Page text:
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Life Health > Running Your Business

‘What Do You Do for a Living?’

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Do you find yourself constantly resorting to generic answers when people ask you questions about yourself? It may be time to rethink your approach. So often we drift through our day, not even seeing the opportunities we have in conversation with others. From the simplest “Hey, how are you?” to the more complex questions you are asked throughout your work day, how often do you take time to answer these questions fully?

One of the most critical questions—one that we often shy away from answering in a powerful way—is also the one that can open doors for us. That question is “What do you do?” In answer to this critical question, I have heard even the most seasoned professional use standard, black-and-white descriptions of his or her business. Sometimes they answer “I am a financial advisor.”

And while you are technically answering the question when you say this, you are also opening the door to all of the stereotypes and preconceived notions people have about that title or profession. In many a person’s mind, you are summarily tossed into the vague category of salesperson and immediately forgotten. The real benefits you provide go unstated. In order for prospects to take action, they must want what you have to offer. And it’s your job to make them want it.

The danger with being too detailed in describing what you do is that you risk coming across as sales-y, boastful or confusing. For example, if a financial advisor says “I hold the CFA designation,” will the person being addressed understand what that means? Instead, try using an approach I have overheard some top advisors use. Follow the black-and-white descriptive statement with an absolute home-run connector statement that paves the way for you to talk about your expertise or the benefits of your services: “I hold the CFA designation. And let me tell you why I think that’s important.”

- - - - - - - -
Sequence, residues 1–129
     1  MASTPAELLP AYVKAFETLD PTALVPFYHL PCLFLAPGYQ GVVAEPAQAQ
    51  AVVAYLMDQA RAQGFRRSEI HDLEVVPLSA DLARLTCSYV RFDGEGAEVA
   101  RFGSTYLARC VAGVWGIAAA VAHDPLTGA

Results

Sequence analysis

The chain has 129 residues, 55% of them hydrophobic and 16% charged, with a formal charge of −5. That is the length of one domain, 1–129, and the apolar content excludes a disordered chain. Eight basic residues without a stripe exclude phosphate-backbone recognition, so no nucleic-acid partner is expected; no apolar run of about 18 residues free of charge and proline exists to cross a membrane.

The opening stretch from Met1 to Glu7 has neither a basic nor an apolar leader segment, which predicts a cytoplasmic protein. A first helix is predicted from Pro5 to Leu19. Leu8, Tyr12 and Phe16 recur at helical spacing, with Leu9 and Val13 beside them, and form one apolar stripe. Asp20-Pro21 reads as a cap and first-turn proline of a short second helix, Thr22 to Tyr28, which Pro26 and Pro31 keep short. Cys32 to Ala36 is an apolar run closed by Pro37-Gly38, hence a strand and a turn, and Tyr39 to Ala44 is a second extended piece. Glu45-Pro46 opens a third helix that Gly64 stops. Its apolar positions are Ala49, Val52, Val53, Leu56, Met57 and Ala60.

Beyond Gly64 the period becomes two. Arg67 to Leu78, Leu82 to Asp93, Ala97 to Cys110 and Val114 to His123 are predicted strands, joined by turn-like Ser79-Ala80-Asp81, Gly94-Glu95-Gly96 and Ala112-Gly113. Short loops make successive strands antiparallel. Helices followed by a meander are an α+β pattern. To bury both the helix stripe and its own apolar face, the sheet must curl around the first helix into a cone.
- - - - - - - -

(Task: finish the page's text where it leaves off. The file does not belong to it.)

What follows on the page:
The last statement gives you the opportunity to share information that may be important to the person with whom you’re talking. It will still be a factual description of what you do with the added benefit of being relevant and tailored to your audience. And it may just be your opportunity to put preconceived notions aside and establish the value you represent to your prospect—without being “sales-y.”

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Maribeth Kuzmeski is the founder of Red Zone Marketing, LLC, which consults to Fortune 500 firms on strategic marketing planning and business growth. For more information, go to


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